Construction contracts often contain indemnity provisions. Indemnity provisions generally allow one party to a contract who, if found liable in a lawsuit, may then seek reimbursement from the other contracting party. Indemnity provisions are commonplace in the construction industry, most significantly in contracts between general contractors and their subcontractors. When a developer or general contractor is sued by a commercial or residential property owner, they may seek indemnity, or reimbursement, from the subcontractors, who typically do most, if not all, of the actual work.
Indemnity Rights Can Be Assigned
However, developers and general contractors are not always the only persons who can end up with indemnity rights. The law allows a person to assign their indemnity rights. While unusual, it is possible for a developer or general contractor to assign his or her indemnity rights to the plaintiff as part of the settlement of the lawsuit. Indemnity rights can be a valuable asset, but they can also be a liability.
Indemnity rights can become a valuable non-cash part of a settlement between a general contractor and a homeowner, for example. In a construction defect action, the homeowner may name the general contractor and certain subcontractors as defendants. The general may then, in turn, sue the subcontractors for indemnity, bringing them into the lawsuit as cross-defendants. If the homeowner settles with the general, he is relieved of liability, but the non-settling subcontractors are not. If, as part of the settlement, the general assigned his indemnity rights, the homeowner basically “steps into the shoes” of the general and may continue the lawsuit against the non-settling subcontractors for additional amounts and also based upon the indemnity rights in the contract between the general and the non-settling subcontracts.
For example, assume a homeowner sues a general contractor for negligence and breach of contract, and the subcontractor for negligence. The homeowner settles his lawsuit against the general contractor for $1.6 Million cash and an assignment of the indemnity rights in the contract. Further assume that the assignment has an estimated value of $200,000. The total settlement amount is thus $1.8 Million. The homeowner then continues the negligence lawsuit against the subcontractor and obtains a $3 Million judgment. At the same time, the homeowner also brings the general contractor’s indemnity action against the same subcontractor (based on the general contractor’s contract with the subcontractor) and the jury awards $1.5 Million. The homeowner’s $3 Million direct judgment against the subcontractor will be reduced by his earlier settlement amount, leaving the homeowner with $1.2 Million in his negligence action. The judgment based on the indemnity provision in the contract will not be reduced. The total judgment for the homeowner is $2.7 Million ($1.2 Million + $1.5 Million), which is less than the $3 Million in negligence damages the jury awarded him. Yet, when the homeowner adds the $2.7 Million judgment to the $1.6 Million cash from the settlement, the homeowner’s total recovery is $4.3 Million, or $1.3 Million more than the jury awarded him. Furthermore, if the assigned contract with the indemnity rights included an attorneys’ fees provision, the homeowner may also be entitled to attorneys’ fees.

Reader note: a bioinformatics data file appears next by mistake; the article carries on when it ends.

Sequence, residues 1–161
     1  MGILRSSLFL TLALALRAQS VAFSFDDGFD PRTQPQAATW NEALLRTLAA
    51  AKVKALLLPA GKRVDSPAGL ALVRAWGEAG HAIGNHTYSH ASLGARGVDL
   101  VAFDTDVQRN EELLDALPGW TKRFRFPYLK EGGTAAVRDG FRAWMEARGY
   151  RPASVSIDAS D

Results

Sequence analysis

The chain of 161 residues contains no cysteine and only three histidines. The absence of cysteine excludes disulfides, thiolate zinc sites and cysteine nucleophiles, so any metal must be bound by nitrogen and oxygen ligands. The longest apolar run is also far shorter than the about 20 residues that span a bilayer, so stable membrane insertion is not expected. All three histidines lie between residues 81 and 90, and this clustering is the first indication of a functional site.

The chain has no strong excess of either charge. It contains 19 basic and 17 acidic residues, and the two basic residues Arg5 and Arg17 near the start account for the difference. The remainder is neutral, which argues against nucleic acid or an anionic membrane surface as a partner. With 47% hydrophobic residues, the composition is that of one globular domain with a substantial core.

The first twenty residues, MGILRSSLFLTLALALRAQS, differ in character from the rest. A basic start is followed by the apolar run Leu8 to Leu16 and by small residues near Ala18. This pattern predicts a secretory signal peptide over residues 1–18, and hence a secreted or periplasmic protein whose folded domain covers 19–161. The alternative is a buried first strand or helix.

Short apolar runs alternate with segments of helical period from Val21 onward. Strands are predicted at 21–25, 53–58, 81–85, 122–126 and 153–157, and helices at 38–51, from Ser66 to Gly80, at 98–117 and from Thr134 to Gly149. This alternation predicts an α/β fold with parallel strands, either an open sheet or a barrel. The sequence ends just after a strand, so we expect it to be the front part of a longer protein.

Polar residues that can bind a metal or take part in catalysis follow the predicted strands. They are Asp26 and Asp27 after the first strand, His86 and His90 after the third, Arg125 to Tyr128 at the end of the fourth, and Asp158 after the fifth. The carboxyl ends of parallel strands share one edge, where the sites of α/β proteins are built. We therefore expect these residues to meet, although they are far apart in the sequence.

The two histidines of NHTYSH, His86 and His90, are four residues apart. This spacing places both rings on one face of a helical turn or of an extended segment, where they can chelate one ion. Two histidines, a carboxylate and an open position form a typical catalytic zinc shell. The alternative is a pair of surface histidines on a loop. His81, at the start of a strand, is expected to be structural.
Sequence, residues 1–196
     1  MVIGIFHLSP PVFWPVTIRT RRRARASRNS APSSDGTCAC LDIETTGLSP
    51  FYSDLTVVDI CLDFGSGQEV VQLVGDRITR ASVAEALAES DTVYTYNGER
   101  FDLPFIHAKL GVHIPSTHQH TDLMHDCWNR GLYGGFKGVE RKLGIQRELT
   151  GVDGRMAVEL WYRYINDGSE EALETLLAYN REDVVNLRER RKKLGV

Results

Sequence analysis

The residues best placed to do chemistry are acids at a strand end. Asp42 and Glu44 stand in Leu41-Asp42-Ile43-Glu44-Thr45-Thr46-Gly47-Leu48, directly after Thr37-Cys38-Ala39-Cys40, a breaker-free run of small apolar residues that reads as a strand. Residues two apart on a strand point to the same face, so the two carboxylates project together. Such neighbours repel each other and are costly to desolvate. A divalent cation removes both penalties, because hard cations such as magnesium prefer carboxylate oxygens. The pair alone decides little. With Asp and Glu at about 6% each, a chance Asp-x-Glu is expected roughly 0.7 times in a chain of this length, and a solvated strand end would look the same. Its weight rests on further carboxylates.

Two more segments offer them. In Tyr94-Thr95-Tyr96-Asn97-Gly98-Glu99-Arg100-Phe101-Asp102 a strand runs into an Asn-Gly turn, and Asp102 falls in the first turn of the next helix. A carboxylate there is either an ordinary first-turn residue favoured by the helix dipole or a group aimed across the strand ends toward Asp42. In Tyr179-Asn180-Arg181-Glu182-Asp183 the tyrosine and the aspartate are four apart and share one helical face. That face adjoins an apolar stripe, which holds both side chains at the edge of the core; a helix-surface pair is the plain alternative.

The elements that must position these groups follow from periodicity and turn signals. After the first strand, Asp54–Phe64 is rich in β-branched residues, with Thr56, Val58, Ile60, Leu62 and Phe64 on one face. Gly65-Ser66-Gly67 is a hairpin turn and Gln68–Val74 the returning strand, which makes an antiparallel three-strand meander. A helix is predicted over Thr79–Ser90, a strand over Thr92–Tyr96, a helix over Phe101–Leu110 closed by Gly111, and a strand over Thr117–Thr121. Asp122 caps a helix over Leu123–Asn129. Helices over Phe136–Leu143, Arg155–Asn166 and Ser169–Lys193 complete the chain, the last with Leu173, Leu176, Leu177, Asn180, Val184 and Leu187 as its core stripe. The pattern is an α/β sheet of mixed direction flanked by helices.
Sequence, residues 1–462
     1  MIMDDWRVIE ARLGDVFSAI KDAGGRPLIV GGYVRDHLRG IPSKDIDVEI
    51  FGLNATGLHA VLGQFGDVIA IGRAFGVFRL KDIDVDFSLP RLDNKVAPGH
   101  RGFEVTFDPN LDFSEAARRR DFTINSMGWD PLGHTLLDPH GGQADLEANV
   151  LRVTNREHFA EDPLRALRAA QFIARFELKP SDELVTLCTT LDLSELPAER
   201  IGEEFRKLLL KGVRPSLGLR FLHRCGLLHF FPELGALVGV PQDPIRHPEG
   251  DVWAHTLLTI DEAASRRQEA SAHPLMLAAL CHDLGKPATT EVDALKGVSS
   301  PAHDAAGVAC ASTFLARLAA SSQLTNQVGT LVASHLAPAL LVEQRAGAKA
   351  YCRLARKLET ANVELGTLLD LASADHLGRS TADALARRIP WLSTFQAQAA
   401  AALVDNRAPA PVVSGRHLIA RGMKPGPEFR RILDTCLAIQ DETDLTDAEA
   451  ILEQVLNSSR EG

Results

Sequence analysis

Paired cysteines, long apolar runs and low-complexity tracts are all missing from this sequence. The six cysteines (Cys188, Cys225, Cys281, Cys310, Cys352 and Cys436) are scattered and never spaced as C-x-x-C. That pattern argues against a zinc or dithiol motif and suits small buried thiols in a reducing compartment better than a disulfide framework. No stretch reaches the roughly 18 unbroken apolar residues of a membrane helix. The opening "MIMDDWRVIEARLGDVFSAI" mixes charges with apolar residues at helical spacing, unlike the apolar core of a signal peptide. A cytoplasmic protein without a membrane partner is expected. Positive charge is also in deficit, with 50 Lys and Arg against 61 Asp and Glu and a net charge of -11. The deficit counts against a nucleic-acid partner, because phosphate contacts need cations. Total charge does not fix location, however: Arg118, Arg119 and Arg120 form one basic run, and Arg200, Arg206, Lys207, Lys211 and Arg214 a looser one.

Attorney Fees May Be Part Of The Claim
Consider however, that if the homeowner loses the lawsuit, the general contractor would not have been held liable for the work of the subcontractor. Therefore, the homeowner will not prevail on the assigned indemnity lawsuit making the indemnity provision worthless to the homeowner.
Although worthless to the homeowner, the indemnity rights may be quite valuable to the prevailing subcontractor since many contracts contain attorneys’ fees provisions that are also assigned with the contract. Attorneys’ fees provisions give the prevailing party, whichever party that is, the right to reimbursement for reasonable attorneys’ fees. When the lawsuit is based on a contract that contains an attorneys’ fees provision and other non-contract causes of action, the attorney fees can generally only be recovered for the contract cause of action. However, a court may grant attorney fees for the entire lawsuit, not just the contract cause of action, when the legal issues were common to the contract and non-contract causes of action.
Losing Party May Be Forced To Pay Attorney Fees Twice
Consequently, the losing homeowner may be liable for attorneys’ fees both in his negligence action and in the indemnity action against the subcontractor based upon the indemnity provision in the assigned contract. The indemnity provision required the general contractor to be found liable for negligence so that the general contractor could indemnify the subcontractor for the subcontractors’ defective work. In other words, the subcontractor was not liable unless the general contractor was liable. Therefore, when the homeowner brought his negligence and indemnity causes of action, both causes of action were intertwined and the court had discretion to award attorneys’ fees to the subcontractor in defending itself against both the negligence and indemnity claims. This result occurs even though the homeowner was not a party to the original contract.
In conclusion, contractual indemnity provisions can provide protection to developers and general contractors who are later sued for defective work. In the event of a lawsuit, the indemnity rights may be assigned and become part of a negotiated settlement. When accepting indemnity rights, the risks and benefits associated with any attorneys’ fees provision must be considered.